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Jonathan Trigell interviewed by Max Liu.


Jonathan Trigell’s debut novel, Boy A (2004), won the John Llewellyn Rhys Prize and was made into a Bafta Award winning film. His second, Cham, was a thriller set in the French mountain resort of Chamonix where he lives, writes and skis. Genus, his new book, is an electrifying departure into a grim future where physical perfection and social status can be bought and London is divided between the ‘unimproved’ and the ‘improved.’ It’s a timely meditation on the possibilities of genetic engineering within an unequal society. Here’s what the author had to say when I went to talk to him.

3:AM: The genesis of Genus: did you begin with Holman, the dwarfish anti-hero who we follow through London, or the Kross, the nightmarish underclass ghetto where most of the action is set?

Jonathan Trigell: I wanted to write a book that imagined where advances in the study of genetics might lead us. Holman was the first character who came to me: I envisaged the misshapen offspring of beautiful, wealthy parents. Then I realised that he bore a striking resemblance to Toulouse-Lautrec. I developed that, made Holman an alcoholic who lives among hookers, an artist tortured by his disability. The Kross is Holman’s Montmartre, a place where the poor live and the rich sometimes go to for slum tourism and all night parties.

3:AM: How far in the future is the book set?

JT: I debated whether or not to pin the setting down to a particular date but in the end I decided to leave things vague. It depends how fast technology improves. What I imagined doesn’t require anti-gravity beams or anything too spectacular, just advances in analysing different genes, finding out what they can do and recombining them. New technologies are a good thing but we must consider how they will impact on us so that, when they become achievable, they aren’t allowed to run amok.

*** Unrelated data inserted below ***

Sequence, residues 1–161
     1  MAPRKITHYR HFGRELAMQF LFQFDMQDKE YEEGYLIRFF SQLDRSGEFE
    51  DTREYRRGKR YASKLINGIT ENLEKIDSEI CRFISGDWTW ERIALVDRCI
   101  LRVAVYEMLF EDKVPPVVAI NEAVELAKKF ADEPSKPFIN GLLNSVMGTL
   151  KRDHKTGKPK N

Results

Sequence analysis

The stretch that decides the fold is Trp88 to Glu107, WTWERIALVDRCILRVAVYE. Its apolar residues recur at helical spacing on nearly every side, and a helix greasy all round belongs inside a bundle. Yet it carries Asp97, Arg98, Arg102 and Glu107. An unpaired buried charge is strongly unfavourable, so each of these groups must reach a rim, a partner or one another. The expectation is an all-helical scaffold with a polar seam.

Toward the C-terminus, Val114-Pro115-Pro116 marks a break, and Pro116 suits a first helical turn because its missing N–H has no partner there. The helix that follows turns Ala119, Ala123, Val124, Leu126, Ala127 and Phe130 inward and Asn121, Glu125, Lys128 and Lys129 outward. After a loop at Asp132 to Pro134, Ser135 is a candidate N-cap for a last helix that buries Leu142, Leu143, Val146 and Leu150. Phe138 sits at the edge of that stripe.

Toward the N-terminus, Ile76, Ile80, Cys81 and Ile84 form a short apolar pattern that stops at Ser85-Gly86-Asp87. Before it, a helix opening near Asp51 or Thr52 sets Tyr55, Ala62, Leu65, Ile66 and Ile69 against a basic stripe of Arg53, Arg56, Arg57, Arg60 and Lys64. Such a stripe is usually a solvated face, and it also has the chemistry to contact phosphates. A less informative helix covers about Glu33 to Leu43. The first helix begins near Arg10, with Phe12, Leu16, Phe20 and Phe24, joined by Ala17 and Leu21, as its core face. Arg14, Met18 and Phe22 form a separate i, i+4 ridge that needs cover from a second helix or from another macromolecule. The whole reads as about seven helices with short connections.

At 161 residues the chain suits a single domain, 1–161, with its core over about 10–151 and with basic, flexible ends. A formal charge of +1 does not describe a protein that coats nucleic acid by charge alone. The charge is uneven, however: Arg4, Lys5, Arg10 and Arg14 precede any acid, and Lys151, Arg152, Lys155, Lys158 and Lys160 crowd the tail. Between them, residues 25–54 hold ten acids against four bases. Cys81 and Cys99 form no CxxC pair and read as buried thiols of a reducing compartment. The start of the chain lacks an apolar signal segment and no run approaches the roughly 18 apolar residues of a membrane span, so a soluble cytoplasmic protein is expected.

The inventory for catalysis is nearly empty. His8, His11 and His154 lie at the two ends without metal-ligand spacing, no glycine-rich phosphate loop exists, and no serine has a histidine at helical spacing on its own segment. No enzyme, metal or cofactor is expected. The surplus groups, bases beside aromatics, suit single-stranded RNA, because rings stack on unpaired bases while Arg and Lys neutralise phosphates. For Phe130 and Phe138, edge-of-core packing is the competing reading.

3:AM: The world of the Kross is bleak. Is there any hope in the book?

JT: Holman’s world is a worst case scenario but it’s healthy to examine extreme possibilities. If the technology that is used for genetic enrichment in Genus had been distributed equitably, across society, it could have been nirvana, a great world where people don’t fear the diseases that we die from. The problems that arrive are more to do with resource hording than technology itself.

3:AM: In Boy A, you wrote twenty-six chapters – A to Z – and it occurred to me that such a structure, rather than being restrictive, could prove liberating, especially for a first time novelist. How did you structure Genus?

JT: Having twenty-six chapters to write really helped me structure Boy A. It meant I had to plot with rigidity and, because that was my first novel, I’ve adapted a similar approach since. For Genus, I chose an arbitrary number. I think it was forty-six and, even though I didn’t actually end up with forty-six chapters, the discipline that plan imposed was helpful.

3:AM: What about the structure of society? There’s an ambiguous attitude towards religion throughout Genus.

JT: I’m a hardened atheist but I feel that we have an inbuilt need for God. If you eradicate religion, you end up with something terrible in its place, like the communist state, as in Russia or China, where the dictator becomes the messiah figure. There are very good evolutionary reasons for having religion. From early human history we have evolved a need to see God. We have a perception of ourselves and in order for that to be a true perception we have to believe in a soul within us. We have this sense that there’s something bigger than us, above and beyond. If you take away the idea of God, you need to replace it with a shared moral code. Otherwise, everybody becomes very self-centred and materialistic.

3:AM: The unimproved are frequently referred to as “scum.” I saw parallels with the rise of the word ‘chav,’ the stigmatisation of the under-privileged.

JT: You are supposed to look at the unimproved and think about the way that we dismiss so-called ‘chavs’ and certain immigrant classes that are considered unworthy, the “undeserving poor”. Those kind of prejudices are getting worse. Social mobility decreased under Labour and under the current government it is reversing. The differences between the poorest and richest are returning to Victorian levels. We don’t have open sewers and infant mortality rates at fifty percent but in economic terms we’re getting to a level of disparity we haven’t seen for a couple of hundred years. And we’re getting there very quickly.

3:AM: So do you feel a social responsibility as a novelist?